Why Parliament should reject the proposed Income Tax Bill

CS Rotich
National Treasury CS, Henry Rotich.

The Income Tax Bill, 2018 proposed by the National Treasury is an underwhelming legislative proposal and a failed project of imagination. It fails to re-engineer the tax principles and only runs amok in tapping low hanging cherries. It should be rejected.

By gatuyu t.j

The National Treasury has proposed the Income Tax Bill 2018, which aims at creating a progressive and productive income tax regime and to support growth of the economy.

Generally, tax design is a challenging task. It has to balance political and economic objectives while limiting welfare reducing side effects. It has to raise revenues for the government while being careful not to depress citizens’ earnings, savings and consumption or negatively impact on their housing decisions and general welfare.

It is why any comprehensive tax reform ought to be well thought. Unfortunately, in the proposed bill, the National Treasury has missed the opportunity of creating a productive and conducive income tax regime.

The proposed law is not clear, as income tax proposals should be, on how it would lead to promotion of savings and investments in the economy, how to remove disincentives, seal revenue leakages, tap digital and informal economies and grow the financial markets.

As a start, enactment of an important law such as income tax should be backed by a well thought out policy framework. Unfortunately, the National Treasury is yet to come up with any tax policy for the country.

Proposing legislation without a guiding tax policy framework is an improper way of doing things. It makes it difficult for the public to evaluate what has informed various choices, such as the nature of taxes levied, amounts, and subjects. Such determinations are made at the policy level, where consensus is built on structure of the tax code, before such is given effect by tax laws.

Creating tax rules without an agreed policy leaves unchecked discretion at the hands of bureaucrats. This encourages self-serving lobbying that eventually breeds corruption. This has been the bane with the current Income Tax Act, which has been whimsically amended by annual Finance Acts.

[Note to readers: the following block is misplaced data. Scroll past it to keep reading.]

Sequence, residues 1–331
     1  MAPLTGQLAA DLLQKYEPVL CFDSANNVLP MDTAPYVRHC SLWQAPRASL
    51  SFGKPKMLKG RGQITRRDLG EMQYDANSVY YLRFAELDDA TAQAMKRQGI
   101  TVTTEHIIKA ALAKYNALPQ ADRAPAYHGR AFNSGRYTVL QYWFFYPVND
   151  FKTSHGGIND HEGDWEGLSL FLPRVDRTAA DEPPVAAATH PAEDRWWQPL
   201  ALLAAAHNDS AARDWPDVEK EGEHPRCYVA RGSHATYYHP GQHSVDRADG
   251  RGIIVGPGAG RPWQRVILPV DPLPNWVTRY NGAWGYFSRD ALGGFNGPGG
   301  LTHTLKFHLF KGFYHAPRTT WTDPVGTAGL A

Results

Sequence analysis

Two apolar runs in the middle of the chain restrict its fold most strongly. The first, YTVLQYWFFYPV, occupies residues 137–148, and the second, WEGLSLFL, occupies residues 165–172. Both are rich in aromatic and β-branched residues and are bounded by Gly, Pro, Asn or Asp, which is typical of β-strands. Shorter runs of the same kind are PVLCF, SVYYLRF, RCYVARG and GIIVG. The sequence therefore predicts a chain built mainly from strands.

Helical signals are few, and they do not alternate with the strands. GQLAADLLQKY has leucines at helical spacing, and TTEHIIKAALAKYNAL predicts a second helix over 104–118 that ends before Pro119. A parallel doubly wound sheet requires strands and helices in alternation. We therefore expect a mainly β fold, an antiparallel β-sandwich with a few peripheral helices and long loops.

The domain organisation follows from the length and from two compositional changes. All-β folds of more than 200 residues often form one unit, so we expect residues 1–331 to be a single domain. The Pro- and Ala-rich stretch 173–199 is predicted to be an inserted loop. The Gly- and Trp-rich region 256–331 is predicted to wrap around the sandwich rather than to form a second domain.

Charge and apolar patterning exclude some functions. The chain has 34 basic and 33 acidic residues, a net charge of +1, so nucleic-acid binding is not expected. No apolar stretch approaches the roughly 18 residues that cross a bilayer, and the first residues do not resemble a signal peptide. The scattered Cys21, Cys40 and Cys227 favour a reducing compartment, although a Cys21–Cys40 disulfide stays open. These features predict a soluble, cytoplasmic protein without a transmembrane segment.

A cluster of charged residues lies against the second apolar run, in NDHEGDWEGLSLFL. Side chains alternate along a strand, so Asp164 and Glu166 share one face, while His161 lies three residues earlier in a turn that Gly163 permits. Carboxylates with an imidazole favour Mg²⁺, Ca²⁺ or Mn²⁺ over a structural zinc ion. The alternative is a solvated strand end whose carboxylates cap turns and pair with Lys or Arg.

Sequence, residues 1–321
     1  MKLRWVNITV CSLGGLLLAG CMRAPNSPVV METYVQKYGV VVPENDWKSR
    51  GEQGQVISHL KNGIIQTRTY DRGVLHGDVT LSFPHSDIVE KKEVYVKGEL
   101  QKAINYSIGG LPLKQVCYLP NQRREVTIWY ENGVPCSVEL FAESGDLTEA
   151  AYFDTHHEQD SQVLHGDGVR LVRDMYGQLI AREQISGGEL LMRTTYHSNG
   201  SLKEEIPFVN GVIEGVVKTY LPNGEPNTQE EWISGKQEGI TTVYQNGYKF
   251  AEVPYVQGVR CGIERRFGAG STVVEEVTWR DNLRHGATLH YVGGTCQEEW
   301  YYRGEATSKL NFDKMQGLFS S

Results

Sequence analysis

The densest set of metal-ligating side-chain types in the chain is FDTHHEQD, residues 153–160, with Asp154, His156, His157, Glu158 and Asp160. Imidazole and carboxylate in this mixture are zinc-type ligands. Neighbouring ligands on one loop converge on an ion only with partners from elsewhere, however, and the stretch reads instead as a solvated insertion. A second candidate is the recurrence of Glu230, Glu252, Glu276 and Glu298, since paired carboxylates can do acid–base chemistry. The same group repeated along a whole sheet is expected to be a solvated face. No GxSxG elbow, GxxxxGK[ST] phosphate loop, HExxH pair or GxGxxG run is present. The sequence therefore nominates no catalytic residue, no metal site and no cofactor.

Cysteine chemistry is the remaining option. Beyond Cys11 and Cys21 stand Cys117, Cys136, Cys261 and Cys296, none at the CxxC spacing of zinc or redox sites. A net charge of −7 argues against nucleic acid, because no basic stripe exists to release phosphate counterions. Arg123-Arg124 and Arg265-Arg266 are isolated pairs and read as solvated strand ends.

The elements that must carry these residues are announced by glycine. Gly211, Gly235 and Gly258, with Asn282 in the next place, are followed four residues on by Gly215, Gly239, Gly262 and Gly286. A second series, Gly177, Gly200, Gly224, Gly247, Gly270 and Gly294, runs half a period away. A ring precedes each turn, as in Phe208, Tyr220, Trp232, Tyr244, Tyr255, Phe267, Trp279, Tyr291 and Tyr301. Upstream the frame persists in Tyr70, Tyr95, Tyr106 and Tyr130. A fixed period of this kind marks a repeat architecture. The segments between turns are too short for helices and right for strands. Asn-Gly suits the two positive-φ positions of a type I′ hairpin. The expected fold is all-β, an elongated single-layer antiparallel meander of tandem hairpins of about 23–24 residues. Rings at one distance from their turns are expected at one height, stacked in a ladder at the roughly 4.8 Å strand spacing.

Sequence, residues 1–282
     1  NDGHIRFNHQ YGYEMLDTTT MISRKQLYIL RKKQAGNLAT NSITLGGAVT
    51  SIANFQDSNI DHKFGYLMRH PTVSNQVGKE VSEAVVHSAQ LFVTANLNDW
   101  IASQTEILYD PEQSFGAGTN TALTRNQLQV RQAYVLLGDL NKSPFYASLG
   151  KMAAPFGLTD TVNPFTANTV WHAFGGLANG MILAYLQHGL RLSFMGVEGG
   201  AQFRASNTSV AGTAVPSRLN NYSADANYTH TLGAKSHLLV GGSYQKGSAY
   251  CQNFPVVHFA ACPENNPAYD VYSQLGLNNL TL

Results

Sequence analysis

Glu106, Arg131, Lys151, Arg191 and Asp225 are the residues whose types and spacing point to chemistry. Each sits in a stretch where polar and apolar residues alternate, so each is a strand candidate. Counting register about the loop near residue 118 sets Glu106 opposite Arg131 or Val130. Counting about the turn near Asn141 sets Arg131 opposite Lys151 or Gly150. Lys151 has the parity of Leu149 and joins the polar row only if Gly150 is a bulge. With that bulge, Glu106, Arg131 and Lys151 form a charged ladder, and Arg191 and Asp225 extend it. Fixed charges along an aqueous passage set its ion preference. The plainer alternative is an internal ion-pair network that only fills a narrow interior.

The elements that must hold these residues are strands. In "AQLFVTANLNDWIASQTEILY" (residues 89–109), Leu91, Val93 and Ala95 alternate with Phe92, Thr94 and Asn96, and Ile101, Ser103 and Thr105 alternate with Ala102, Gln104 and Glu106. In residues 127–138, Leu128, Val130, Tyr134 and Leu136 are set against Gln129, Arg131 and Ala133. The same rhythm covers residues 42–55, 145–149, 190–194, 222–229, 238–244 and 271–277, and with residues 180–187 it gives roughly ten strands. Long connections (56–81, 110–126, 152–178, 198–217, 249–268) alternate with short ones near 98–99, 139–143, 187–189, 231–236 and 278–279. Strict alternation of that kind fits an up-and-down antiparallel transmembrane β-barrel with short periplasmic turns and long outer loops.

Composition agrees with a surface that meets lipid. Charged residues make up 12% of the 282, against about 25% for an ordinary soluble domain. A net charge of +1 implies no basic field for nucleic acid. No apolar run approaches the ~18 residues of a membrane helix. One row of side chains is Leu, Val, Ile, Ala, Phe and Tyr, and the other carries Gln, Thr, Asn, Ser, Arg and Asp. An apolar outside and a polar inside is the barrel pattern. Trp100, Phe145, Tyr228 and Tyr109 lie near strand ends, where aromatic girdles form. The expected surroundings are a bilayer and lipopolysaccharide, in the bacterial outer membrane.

For instance, the bill proposes to adjust capital gains tax from a rate of 5% to 20%, though with indexation mechanisms. Without hindsight of a background, general public is not able to appreciate the basis for this proposed change.

Some of the question that linger include: has there been any macro-economic modelling on how the proposed rates will impact on property markets? Have the property markets substantially enlarged and are untapped?

In addition, the Bill has made minimal efforts to re engineer current traditional tax principles anchoring taxation of persons and businesses in the country. The current tax principles are predicted on brick and mortar economy and are hugely ineffective in addressing tax challenges in a modern economy.

It was expected that in the review, the National Treasury would benchmark and incorporate international tax principles, such as the OECD Base Erosion and Profit Shifting (BEPS) actions plans, to help in averting revenue leakages from cross boarder trading. However, little attention has been given on the developments of tax law at the international front.

The bill ought to have considered and addressed at least the following issues.

First, to incorporate BEPS action plans, such as those addressing tax challenges in the digital economy, preventing artificial avoidance of Permanent Establishment (PE) status, treaty abuse, aligning transfer pricing outcomes with value creation, and broadening provisions on intangibles taxation.

Second, the definition of PE, this loosely being a fixed place of business which gives rise to income tax liability and allocates taxing rights, ought to have been broadened to introduce aspects of digital PE. With growth of digital technologies, businesses are able to have a significant economic presence in a market without necessarily having a substantial physical presence.

Other countries have begun considering aspect of a digital PE, which could arise when a non-resident taxpayer provides access to or offers a digital platform or advertising services on a website, in the country.

Third, the bill should have reformed the modalities for the taxation of corporate entities. The scope of activities by corporations, including rise of new capital markets products and Islamic finance, among others, have since emerged and require a unique tax treatment.

A further issue with the current corporate tax structure is it encourages accumulation of debt over other sources of finance such as retained profits or new equity for corporate investment. This because debt interest payments are a tax deductible expense, subject to thin capitalisation rules.

Having interest expense being tax allowable has encouraged firms to pile debt, exposing them to a risk of insolvency. It has also become a disincentive for the equity markets. There is therefore need to eliminate the current tax bias in favour debt and to treat both debt and equity financed investments in the same way.

An appropriate income tax system ought to pay fidelity to tax canons of neutrality, simplicity, and stability.  Sadly, the National Treasury bill is a case of legislative short termism.

It concentrates on tapping low hanging fruits, such as capital gains and assumed high profits of some corporate entities, while failing to address tax principles. It is unclear on how it would boost citizen’s earnings, encourage savings and consumption and improve on housing.

It not being backed by policy, it risks sinking the tax regime into a hole of instability and unpredictability. The National Treasury should address these inadequacies before forwarding it to the national assembly.

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